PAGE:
Twitter and Facebook have been facing pressure to remove what many see as harmful misinformation around the elections, while also fighting claims of suppression of certain political views.

TWITTER'S CENSORSHIP OF BIDEN ARTICLE IN SPOTLIGHT

Mr Dorsey and Mr Zuckerberg were called to testify over allegations of anti-conservative bias on Twitter and Facebook, respectively.

Mr Zuckerberg and Mr Dorsey were subpoenaed in October to appear at a hearing with the Senate judiciary committee in order to "review the companies' handling of the 2020 election".

The hearing was called in response to a contentious New York Post article about Joe Biden and his son, Hunter.

The article alleged that the Bidens engaged in dodgy business dealings and that Hunter Biden made money off of promising to introduce his father to his business associates.

When the story was published in October, Twitter took the unusual step of curbing its circulation, stopping users from posting links or pictures of the article.

Twitter said the steps were taken due to concerns over "the origins of the materials" included in the article, which were allegedly taken from a computer hard-drive that had been left by Hunter Biden at a computer repair shop in April last year.

Twitter policies prohibit "directly distribut[ing] content obtained through hacking that contains private information".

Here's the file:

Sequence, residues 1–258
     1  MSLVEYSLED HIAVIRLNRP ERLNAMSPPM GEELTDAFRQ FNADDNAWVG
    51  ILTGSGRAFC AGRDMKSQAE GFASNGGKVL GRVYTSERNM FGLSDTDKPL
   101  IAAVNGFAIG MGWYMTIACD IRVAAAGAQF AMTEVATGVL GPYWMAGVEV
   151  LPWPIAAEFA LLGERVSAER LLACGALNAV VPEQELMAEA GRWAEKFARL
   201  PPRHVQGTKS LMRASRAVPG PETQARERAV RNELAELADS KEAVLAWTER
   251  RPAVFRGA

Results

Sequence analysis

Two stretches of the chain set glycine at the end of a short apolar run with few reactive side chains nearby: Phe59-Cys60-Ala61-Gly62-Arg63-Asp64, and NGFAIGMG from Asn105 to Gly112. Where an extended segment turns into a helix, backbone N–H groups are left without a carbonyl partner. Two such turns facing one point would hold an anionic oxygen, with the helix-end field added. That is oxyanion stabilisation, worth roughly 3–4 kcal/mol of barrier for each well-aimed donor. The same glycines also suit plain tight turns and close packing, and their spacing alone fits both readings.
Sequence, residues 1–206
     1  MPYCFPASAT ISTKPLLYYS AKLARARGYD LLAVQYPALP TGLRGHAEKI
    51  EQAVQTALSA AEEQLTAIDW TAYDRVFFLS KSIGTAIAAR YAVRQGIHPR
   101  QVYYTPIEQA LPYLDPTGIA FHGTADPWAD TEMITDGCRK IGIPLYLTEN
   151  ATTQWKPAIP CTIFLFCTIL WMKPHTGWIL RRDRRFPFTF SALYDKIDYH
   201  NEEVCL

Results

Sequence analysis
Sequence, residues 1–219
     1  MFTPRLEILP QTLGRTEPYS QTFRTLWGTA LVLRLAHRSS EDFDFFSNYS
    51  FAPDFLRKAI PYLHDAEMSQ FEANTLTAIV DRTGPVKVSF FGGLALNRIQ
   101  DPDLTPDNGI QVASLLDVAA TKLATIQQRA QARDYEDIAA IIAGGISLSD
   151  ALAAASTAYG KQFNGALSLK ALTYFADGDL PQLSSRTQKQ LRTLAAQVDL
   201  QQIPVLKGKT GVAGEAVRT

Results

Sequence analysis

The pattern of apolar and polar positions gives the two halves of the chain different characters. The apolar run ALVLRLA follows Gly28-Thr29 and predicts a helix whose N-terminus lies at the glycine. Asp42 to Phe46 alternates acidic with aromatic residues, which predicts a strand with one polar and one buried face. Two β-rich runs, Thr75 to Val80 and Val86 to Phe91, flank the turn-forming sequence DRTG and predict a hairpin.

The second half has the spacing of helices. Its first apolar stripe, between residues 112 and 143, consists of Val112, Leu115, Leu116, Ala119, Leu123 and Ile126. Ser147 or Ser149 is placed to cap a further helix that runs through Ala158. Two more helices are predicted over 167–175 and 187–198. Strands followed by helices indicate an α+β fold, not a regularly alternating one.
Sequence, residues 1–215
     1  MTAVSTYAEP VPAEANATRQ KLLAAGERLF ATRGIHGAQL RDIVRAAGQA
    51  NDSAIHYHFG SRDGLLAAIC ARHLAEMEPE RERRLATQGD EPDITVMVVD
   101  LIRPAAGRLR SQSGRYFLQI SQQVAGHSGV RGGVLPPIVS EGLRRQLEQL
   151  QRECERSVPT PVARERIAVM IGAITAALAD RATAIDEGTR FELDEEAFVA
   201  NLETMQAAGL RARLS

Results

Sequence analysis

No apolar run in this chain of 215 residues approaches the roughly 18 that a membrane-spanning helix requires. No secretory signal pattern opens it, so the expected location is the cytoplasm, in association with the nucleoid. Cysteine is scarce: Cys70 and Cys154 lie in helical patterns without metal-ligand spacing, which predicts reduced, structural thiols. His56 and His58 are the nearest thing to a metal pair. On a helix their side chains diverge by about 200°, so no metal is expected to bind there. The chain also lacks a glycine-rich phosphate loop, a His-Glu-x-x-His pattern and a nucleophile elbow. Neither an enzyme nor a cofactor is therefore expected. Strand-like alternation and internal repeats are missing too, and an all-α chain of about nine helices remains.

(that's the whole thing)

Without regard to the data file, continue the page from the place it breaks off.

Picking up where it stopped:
The company later played down its response, tweeting that the communication around the actions on the story "was not great".

The company also changed its hacked materials policies in response to the uproar. Facebook took a less combative point of view, placing some limitations on the article due to questions about its legitimacy.

It comes as Mr Dorsey said in remarks prepared for a US Senate hearing on Tuesday (local time) that the social network's filtering during the US election campaign was not a sign of bias, despite claims to the contrary by conservatives.

"In the lead up to the 2020 elections, we made significant enhancements to our policies to protect the integrity of the election," Mr Dorsey said in his written remarks.

"We applied labels to add context and limit the risk of harmful election misinformation spreading without important context because the public told us they wanted us to take these steps."

Mr Dorsey has maintained that the filtering is not the result of bias against conservatives, despite claims to the contrary by Mr Trump and his allies.

The platform has begun limiting the reach of many of Mr Trump's tweets, notably those in which the president rejected his electoral loss or questioned the integrity of the voting process.

Twitter and Facebook have been facing pressure to remove what many see as harmful misinformation around the elections, while also fighting claims of suppression of certain political views.

Mr Dorsey said Twitter continues to seek the right balance.

"We want to be very clear that we do not see our job in this space as done," he said. "Our work here continues and our teams are learning and improving how we address these challenges and earn the trust of the people who use Twitter."

Mr Dorsey, along with Facebook CEO Mr Zuckerberg, were scheduled to appear remotely at the hearing before the Senate Judiciary Committee.

Committee chair Senator Lindsey Graham called the session to address what he called "censorship and suppression of news articles" and the "handling of the 2020 election" by the platforms.

 

 

 

 

Originally published as Tech giants grilled over 'anti-conservative' bias